Based on that calculation, PBDEs are even more detrimental to fetuses than lead – every tenfold increase in the neurotoxin is associated with “just” a 7-point decline in IQ scores, by comparison.

Study co-author Tracey Woodruff said:

“Even the loss of a few IQ points on a population-wide level means more children who need early interventions, and families who may face personal and economic burdens for the rest of their lives.” [2]

The meta-analysis summarizes and evaluates the full collection of relevant research on the safety of PBDEs. Ten of the studies the researchers included show a link between flame retardants and intelligence.

The team analyzed an additional 9 studies that searched for an association between exposure to flame retardants and attention-deficit hyperactivity disorder (ADHD). Juleen Lam, an associate research scientist at the University of California San Francisco, said the 9 papers don’t provide enough evidence of a connection between the chemicals and ADHD. [1]

However, the link between flame retardants and intelligence is undeniable, according to Lam.

“The evidence strongly suggests that PBDEs are damaging kids’ intelligence.”

Knowing this, Lam said, children should be protected from these chemicals to “prevent intelligence loss.”

She added:

“We’re really seeing this as a wake-up call to policymakers.”

Researchers are trying to tease out how PBDEs lower intelligence. So far, the evidence suggests the chemicals impair the activity of the endocrine system, the body’s systems of hormone-producing glands which play a role in the body’s circadian rhythm, sexual development, metabolism, and other functions. When a woman is pregnant, her endocrine system heavily influences the development of her fetus’ brain.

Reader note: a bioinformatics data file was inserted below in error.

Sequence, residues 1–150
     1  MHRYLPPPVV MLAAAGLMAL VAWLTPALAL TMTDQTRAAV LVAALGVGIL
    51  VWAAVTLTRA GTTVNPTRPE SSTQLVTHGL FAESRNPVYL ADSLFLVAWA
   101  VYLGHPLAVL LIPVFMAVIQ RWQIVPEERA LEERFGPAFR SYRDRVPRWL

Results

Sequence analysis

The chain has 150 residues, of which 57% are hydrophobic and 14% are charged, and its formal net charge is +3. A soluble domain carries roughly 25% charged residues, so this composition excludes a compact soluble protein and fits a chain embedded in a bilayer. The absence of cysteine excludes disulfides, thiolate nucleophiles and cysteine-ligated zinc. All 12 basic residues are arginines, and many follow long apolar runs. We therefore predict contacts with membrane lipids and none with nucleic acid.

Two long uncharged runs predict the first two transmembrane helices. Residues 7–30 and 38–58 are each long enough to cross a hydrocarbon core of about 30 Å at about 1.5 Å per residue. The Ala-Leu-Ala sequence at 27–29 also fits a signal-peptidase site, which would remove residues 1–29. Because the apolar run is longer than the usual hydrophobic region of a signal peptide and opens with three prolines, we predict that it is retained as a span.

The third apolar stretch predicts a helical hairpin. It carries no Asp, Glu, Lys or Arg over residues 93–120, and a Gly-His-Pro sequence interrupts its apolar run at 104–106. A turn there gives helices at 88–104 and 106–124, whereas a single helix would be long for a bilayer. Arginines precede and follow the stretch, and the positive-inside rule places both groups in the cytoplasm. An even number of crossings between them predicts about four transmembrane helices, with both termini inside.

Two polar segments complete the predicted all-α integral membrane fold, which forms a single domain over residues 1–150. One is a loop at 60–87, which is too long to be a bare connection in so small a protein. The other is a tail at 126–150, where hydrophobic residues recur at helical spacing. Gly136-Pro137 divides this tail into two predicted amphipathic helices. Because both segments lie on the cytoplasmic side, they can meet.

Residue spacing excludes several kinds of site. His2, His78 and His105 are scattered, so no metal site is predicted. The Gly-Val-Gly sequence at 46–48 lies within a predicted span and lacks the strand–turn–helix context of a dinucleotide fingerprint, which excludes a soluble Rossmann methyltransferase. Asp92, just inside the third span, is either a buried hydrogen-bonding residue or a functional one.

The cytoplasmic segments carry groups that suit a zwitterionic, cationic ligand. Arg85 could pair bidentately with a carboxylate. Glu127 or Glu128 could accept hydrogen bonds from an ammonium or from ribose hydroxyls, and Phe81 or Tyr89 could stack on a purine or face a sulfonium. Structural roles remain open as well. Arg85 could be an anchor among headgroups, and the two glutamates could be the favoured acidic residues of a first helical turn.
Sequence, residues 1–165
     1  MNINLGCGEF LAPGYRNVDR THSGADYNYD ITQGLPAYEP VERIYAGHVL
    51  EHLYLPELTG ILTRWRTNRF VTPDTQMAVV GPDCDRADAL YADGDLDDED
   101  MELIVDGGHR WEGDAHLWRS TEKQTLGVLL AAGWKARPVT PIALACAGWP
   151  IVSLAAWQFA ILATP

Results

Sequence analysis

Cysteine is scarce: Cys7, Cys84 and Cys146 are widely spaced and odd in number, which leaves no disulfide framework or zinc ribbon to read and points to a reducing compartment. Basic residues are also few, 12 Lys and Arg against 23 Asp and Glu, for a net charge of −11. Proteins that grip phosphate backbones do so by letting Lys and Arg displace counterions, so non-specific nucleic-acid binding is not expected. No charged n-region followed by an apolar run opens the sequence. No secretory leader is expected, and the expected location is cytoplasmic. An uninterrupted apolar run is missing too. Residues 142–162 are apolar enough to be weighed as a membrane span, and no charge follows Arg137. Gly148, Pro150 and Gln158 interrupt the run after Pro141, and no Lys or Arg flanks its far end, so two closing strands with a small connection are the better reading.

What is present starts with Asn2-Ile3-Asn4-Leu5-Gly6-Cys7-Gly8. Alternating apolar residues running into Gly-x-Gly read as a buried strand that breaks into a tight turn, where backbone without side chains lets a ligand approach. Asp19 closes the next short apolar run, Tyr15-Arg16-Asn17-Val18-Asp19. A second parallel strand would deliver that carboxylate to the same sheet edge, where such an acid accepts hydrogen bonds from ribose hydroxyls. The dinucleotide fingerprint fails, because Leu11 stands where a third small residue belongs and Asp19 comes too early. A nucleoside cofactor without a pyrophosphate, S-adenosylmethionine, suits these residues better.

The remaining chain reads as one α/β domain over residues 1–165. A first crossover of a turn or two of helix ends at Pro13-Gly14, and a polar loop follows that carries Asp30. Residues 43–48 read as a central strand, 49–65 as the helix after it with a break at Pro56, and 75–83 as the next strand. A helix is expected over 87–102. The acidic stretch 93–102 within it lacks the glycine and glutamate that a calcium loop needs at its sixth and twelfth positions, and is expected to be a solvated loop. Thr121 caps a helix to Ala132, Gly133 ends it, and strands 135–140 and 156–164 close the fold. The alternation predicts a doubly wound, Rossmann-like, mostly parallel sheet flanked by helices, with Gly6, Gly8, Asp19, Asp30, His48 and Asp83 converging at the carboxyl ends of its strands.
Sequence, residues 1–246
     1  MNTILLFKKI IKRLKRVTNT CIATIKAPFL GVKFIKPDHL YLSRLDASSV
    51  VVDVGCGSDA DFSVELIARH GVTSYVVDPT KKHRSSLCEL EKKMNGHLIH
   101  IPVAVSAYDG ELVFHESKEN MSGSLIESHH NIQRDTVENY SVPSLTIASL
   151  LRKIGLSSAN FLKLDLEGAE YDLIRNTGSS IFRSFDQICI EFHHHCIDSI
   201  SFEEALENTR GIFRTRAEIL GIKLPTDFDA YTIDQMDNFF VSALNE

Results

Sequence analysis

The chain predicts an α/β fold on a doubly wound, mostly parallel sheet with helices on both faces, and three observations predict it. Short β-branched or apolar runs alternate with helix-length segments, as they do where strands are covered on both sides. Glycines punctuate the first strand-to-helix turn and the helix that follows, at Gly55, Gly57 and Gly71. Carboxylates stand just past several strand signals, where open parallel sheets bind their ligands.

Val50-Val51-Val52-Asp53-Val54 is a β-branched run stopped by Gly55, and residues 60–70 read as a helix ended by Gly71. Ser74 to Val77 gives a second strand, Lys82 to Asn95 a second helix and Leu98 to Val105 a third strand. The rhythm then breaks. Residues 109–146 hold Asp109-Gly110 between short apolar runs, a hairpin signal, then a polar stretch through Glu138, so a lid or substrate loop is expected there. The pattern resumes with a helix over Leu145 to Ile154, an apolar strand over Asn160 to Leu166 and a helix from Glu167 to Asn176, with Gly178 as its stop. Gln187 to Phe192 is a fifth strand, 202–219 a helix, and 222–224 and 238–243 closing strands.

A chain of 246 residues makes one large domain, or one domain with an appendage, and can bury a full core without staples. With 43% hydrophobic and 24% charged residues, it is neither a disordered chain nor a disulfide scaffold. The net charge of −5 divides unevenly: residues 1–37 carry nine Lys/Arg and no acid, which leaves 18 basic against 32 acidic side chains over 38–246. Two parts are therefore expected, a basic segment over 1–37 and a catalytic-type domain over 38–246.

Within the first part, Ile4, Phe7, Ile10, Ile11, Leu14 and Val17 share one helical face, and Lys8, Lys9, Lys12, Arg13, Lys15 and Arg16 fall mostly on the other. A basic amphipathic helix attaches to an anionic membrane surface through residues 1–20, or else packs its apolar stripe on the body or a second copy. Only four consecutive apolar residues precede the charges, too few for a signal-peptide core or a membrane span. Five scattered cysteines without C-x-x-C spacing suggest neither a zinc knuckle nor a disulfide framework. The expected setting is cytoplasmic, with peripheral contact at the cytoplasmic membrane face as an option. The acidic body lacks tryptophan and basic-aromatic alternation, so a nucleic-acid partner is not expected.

Read: Common Flame Retardant Chemical Found to Cause Brain Damage

There are multitudinous types of PBDEs, and several of them have already been banned in the United States. Most new furniture doesn’t contain those chemicals, said Arlene Blum, a scientist with the Green Science Policy Institute, who wasn’t involved in the study.

Nevertheless, Woodruff, a professor at UCSF, said that “everyone is exposed to PBDEs, so this means that there are potentially millions of IQ points that are lost across the population.” Moreover, “children can be affected for generations to come.” [2]

Banned But Still Prevalent

Source: Environmental Working Group

Another study led by Hurley, published in March, 2017, showed a gradual plateau in bodily levels of flame retardants – even an increase in some people. Hurley believes that’s likely because as people have disposed of or incinerated their old furniture, PBDEs have made their way into the environment. [1]

Now, Hurley theorizes, the chemicals are getting into the food supply, as old furniture and foams containing PBDEs have been tossed into landfills or incinerated, causing the chemicals to leach into runoff and/or spewed into the air.

Whether or not flame retardants actually make fires less deadly is up for debate. Bryan Goodman, a spokesman for the industry group American Chemistry Council, said that flame retardants help save lives by providing individuals with a critical layer of fire protection. He added that “the major manufacturers of flame retardants have spent millions of dollars on research both before and after their products go on the market.”

Read: How To Avoid Toxins In Flame-Retardant Household Products

Source: Environmental Working Group

However, some past studies seemed to suggest that flame retardants actually give rise to toxic fumes. Ami Zota, an environmental health scientist at George Washington University who studies flame retardants but wasn’t involved in the paper, said their efficacy is “not really backed up by well-supported data.”

Sources:

[1] Newsweek

[2] U.S. News & World Report

Environmental Working Group

Environmental Working Group


Storable Food